Sometimes the answers to my questions were so stunningly easy and clear; I was shocked at my own former dulled wit. In the hallway between the kitchen and bathroom was a little utility closet, just the right size for a mop, broom and dust pan. It was filled from the floor to about knee height with old newspapers. Back in high school, Holly’s mom had taught me that newspaper was excellent for cleaning glass surfaces, so I saved as many newspapers as I could. Crammed on top of them I kept my mop, which I had always put away wet. The pile had become soggy, smelly and moldy, but I had never noticed before. For the first time I asked myself why I had kept so many. If I had had the common sense that God gave a turnip, I would never have saved any of them because we had a daily subscription to the paper. I felt like I was having an out-of-body experience. Could that have been me who had hung on to all this awful garbage? As I mucked the rotted mess out of the utility closet, I fought back my shame and forged on.

Wednesday, December 9, 2009

Chapter Three-- page 4

Before I had even finished the first chapter, I set myself to doing everything in the book. I got three boxes which I marked “Give Away,” “Put Away,” and “Throw Away.” Starting at the first piece of furniture by the front door, which was the sofa, I picked up one item at a time and sorted it into its appropriate box. Some things were easy to classify: Popsicle wrappers were throw-aways; puppets from the church puppet ministry were put-aways.

Other things were harder: Like, what was to be done with two years worth of Reader’s Digest magazines on the coffee table? Don’t magazines belong on coffee tables? How many magazines? What if we needed some of the information they contained? Besides, the collection belonged to Dan, not me. My husband loved Reader’s Digest. I, on the other hand, found it to be a source of humiliation, as he beat me at “Word Power” month after month. I found another box and marked it, “Ask Dan.” I was on a crusade to save my house, and I could not let a few magazines slow me down. Besides, unlike Joan of Arc, I did not want to get burned at the stake.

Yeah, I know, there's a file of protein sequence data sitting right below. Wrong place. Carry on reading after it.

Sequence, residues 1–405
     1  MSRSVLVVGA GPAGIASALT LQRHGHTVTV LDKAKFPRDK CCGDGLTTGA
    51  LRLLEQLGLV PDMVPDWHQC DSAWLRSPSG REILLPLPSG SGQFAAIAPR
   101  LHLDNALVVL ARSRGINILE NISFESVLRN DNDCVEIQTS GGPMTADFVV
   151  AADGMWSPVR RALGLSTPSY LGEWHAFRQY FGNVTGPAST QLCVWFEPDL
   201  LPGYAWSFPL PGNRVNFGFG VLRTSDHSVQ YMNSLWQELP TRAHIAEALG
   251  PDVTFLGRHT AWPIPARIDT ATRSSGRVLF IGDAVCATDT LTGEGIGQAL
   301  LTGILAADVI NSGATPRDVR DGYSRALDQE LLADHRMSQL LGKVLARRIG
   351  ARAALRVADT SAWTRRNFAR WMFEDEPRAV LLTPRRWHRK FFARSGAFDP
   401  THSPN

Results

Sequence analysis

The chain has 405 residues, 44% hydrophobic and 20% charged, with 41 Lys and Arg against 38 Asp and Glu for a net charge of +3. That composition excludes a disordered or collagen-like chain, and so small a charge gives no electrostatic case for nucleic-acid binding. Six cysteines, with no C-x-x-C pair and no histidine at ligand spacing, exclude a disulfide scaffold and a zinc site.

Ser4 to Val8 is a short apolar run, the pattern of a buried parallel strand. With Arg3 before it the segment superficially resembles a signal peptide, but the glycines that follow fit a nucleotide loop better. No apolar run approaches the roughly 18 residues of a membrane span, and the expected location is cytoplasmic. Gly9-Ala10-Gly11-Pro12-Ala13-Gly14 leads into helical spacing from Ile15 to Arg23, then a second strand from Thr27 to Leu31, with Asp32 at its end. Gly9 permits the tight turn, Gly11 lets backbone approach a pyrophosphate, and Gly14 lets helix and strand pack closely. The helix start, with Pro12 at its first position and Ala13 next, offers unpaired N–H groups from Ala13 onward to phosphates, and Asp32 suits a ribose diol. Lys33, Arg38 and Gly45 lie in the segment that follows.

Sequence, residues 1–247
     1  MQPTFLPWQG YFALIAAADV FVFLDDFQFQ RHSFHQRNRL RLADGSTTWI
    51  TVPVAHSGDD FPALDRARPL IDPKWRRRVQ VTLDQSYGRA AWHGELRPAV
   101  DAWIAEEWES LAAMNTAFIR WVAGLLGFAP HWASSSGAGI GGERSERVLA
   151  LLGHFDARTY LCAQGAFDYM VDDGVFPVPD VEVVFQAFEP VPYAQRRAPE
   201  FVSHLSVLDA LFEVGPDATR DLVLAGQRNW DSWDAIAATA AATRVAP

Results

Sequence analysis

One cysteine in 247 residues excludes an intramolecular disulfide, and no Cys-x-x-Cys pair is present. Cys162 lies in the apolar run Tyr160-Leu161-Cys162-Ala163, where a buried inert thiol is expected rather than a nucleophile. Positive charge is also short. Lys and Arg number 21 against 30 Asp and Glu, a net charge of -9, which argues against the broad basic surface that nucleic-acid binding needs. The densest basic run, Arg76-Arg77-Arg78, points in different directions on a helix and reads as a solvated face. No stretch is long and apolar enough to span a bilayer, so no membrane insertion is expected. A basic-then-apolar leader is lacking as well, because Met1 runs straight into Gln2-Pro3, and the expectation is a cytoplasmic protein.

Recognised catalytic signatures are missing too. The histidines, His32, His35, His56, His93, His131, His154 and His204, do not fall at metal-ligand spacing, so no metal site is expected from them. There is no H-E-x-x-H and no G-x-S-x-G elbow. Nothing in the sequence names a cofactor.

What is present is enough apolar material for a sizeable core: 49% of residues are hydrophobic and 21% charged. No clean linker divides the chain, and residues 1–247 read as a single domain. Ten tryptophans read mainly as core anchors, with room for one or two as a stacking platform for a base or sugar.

I moved from one piece of furniture to the next, sorting and tossing. By the end of the first day, I had decluttered my entire living room and most of the kitchen. Whenever the throw away box got filled, I walked it out to community dumpster at the end of my street. I filled garbage sacks with give-away stuff and put them in the trunk of my car to take to the thrift store. I did my best to find homes for all the items that needed to be put away, but sometimes, I didn’t know where things belonged. I still had to take care of a nursing baby, a toddler and all their cloth diapers, but I was making genuine progress. When Dan came home that evening, he was a little dubious about my new crusade. He was afraid that I would blithely toss out his stuff. I showed him the “Ask Dan” box, crossed my fingers behind my back, and promised to be respectful of his possessions.